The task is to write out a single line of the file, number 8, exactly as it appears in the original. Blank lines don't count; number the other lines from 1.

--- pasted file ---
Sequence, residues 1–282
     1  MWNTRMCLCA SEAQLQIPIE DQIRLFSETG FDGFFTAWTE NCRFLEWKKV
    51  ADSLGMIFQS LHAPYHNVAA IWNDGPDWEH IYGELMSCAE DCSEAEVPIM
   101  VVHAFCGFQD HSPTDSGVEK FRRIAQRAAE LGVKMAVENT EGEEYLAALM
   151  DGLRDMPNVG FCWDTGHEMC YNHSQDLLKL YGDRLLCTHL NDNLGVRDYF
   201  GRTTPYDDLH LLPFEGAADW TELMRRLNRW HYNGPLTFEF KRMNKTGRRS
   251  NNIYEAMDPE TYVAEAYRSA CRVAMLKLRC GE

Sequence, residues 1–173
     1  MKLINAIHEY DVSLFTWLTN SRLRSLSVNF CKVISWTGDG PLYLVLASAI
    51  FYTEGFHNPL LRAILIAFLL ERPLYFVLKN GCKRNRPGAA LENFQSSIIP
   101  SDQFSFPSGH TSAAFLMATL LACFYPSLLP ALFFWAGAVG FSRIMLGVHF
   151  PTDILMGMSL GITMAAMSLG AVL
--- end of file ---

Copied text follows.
Sequence, residues 1–173